This month IVC (interior vena cava) filters have been in the news quite a bit lately as lawsuits are settling and more claims are being filed. If you or a loved one has an IVC filter, here are the important updates that you should know about this controversial medical device.
The Problems Linked to IVC Filters
For those who are at risk for blood clots and are unable to take blood thinners, IVC filters are placed in a large vein called the interior vena cava. The filter is made up of several metal prongs that connect at one end (almost like the frame of a closed umbrella). The hope is that the device will catch any blood clots and prevent them from traveling to the heart or lungs where it could cause extensive damage or even death.
The problem with the filter is that reports have been made to the FDA stating that the device can move causing it to puncture the interior vena cava. This device may also have prongs break off causing the pieces to migrate to other parts of the body creating excruciating pain and putting patient health at risk.
Lawsuit Finds in Favor of Patient with IVC Filter
Just last month an Indiana woman went to trial and won her case against IVC filter manufacturer Cook Medical. 53-year-old Tonya Brand of Snellville, Georgia, had an IVC filter surgery in 2009 and in 2011, a prong from her filter had migrated and pushed through the vein and the skin of her thigh. Other parts had also broken off and migrated throughout her body but are unfortunately unable to be removed. After deliberating for 11 hours, the jury decided that Brand should receive $3 million to help pay for the financial hardships that her injuries have caused.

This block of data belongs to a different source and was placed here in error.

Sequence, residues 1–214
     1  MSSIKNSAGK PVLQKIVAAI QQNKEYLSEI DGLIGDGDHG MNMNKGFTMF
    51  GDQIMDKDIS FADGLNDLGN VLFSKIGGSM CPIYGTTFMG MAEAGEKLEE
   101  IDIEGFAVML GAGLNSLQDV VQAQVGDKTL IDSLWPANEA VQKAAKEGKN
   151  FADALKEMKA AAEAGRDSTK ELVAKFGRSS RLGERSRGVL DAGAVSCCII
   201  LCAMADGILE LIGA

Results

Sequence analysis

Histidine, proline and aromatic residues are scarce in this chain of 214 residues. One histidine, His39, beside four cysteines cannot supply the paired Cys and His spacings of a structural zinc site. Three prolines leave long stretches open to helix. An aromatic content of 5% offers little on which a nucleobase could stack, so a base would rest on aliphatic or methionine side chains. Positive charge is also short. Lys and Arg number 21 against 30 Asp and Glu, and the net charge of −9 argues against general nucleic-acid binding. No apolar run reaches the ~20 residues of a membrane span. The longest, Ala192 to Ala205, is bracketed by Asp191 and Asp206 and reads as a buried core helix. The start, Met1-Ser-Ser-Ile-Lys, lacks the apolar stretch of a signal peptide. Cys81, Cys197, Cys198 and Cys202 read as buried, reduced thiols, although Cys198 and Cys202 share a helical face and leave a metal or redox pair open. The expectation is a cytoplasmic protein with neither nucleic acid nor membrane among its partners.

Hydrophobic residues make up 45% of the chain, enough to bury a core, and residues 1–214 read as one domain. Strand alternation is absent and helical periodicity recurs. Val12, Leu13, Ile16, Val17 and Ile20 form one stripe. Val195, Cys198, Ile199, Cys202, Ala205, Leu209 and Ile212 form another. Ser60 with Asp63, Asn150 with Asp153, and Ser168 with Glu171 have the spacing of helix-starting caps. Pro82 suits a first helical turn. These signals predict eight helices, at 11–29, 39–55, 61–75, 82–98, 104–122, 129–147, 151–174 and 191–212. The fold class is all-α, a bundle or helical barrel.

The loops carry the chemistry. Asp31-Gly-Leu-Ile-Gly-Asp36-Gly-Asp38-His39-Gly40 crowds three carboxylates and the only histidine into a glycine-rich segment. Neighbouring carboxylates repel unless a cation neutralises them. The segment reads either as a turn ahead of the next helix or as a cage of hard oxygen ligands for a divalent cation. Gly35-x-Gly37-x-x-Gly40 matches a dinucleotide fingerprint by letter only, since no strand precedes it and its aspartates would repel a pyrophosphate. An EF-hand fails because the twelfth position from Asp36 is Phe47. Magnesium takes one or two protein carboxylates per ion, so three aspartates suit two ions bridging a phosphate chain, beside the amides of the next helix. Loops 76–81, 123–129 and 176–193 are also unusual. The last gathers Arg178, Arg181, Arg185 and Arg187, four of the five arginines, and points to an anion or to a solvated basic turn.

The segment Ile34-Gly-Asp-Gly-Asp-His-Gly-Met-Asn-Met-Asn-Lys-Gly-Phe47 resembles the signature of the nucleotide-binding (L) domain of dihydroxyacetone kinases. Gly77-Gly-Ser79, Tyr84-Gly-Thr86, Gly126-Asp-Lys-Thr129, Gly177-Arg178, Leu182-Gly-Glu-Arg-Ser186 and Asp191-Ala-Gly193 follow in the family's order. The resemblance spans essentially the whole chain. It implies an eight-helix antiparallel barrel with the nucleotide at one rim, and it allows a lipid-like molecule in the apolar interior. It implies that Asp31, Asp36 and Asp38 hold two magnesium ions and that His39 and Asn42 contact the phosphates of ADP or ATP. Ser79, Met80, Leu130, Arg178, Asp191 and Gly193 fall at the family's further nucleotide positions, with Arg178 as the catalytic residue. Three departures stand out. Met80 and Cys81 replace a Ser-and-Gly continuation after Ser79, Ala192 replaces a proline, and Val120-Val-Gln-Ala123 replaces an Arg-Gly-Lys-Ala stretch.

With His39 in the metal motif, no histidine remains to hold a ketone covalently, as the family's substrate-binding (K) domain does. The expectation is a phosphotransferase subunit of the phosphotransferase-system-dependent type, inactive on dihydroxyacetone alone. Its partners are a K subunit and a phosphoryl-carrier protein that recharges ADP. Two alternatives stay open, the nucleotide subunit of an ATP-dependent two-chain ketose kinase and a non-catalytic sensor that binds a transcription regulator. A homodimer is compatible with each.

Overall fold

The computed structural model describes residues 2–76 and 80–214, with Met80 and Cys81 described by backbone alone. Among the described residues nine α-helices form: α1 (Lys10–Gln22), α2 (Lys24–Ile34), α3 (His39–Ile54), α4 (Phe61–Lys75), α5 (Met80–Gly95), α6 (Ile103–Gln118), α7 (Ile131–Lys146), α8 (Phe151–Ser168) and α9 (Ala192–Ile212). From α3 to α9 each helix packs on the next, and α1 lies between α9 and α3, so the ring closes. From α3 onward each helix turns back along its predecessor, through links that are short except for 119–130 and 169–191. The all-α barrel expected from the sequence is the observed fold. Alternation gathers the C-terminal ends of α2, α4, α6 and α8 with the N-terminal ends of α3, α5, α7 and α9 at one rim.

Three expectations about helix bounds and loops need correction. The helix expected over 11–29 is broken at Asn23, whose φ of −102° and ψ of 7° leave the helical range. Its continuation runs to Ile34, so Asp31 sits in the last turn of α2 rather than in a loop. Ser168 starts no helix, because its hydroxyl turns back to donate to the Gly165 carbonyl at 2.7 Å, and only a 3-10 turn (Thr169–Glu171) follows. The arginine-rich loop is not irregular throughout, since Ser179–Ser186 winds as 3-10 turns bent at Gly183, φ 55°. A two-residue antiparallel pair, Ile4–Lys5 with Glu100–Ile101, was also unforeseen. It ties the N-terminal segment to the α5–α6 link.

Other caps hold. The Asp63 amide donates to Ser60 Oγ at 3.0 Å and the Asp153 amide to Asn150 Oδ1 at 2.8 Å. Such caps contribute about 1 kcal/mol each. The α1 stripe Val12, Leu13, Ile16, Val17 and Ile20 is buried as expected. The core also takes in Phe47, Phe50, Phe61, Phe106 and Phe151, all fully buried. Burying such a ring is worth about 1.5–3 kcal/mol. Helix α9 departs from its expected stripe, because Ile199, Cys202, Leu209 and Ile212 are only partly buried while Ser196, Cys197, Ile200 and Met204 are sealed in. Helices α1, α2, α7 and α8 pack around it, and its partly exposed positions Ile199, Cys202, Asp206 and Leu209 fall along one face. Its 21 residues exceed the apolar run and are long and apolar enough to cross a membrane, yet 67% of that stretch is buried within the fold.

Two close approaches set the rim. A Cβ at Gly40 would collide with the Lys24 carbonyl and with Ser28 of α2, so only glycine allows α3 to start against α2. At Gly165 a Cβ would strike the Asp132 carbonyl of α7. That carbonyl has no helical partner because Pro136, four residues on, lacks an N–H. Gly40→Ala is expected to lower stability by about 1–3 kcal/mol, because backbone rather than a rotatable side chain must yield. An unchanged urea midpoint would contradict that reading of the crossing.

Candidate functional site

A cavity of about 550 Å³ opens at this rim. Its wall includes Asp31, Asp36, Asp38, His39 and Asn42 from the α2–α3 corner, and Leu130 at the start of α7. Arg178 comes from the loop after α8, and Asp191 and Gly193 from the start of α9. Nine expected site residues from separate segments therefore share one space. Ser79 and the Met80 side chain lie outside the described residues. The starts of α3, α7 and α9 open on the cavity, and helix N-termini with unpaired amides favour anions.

This is a landmark verdict for patients who have had similar problems with their IVC filters; this is the first case where it was decided that this kind of device has a defective design. This is also the highest monetary compensation that has been awarded for this type of case (a Texas state court jury awarded $1.2 million against Cook Medical in a failure to warn case in 2018).
Upcoming Case to Watch
The newest and most notable lawsuit concerning IVC filter injuries was filed on February 26, 2019 in the U.S. District Court for the District of Arizona. This case is said to involve a woman from Missouri who was injured by the G2® Vena Cava Filter (“IVC Filter”) manufactured by C.R. Bard and Bard Peripheral Vascular, Inc. The crux of this case is based on the issue that C.R. Bard sold a defective medical device and failed to warn about safety risks. Currently, there are 6,300 actions pending in this case. This means that instead of taking each filed lawsuit to trial, the verdict of this case will help to determine the outcome and compensation of the thousands of similar cases brought against C.R. Bard.
Should You File a Claim?
There are now over 9,000 IVC filter lawsuits pending against IVC filter manufacturers Johnson & Johnson, Cook Medical, Cordis Corporation, Rex Medical, C.R. Bard, B. Braun and more. Clearly, hundreds of thousands of people had their lives put in jeopardy and thousands suffered from the terrifying effects of their broken filters. Profits were put before people and if you were injured, you should consider filing a claim to receive financial compensation due to high medical bills, lost wages, and other monetary hardships that you had to endure.
If you had an IVC filter placed in your body between 2005 – 2017 and had it break or migrate, call Periscope Group today at (800) 511-3838. We want to hear your story.
“Indiana Jury Awards $3M in IVC Filter Lawsuit”. Legal Scoops. Accessed March 13, 2019. https://www.legalscoops.com/indiana-jury-awards-3m-in-ivc-filter-lawsuit/
“Indiana Jury Awards $3M in Cook IVC Filter Bellwether Trial”. Yahoo! Finance. Accessed March 13, 2019. https://finance.yahoo.com/news/indiana-jury-awards-3m-cook-040408228.html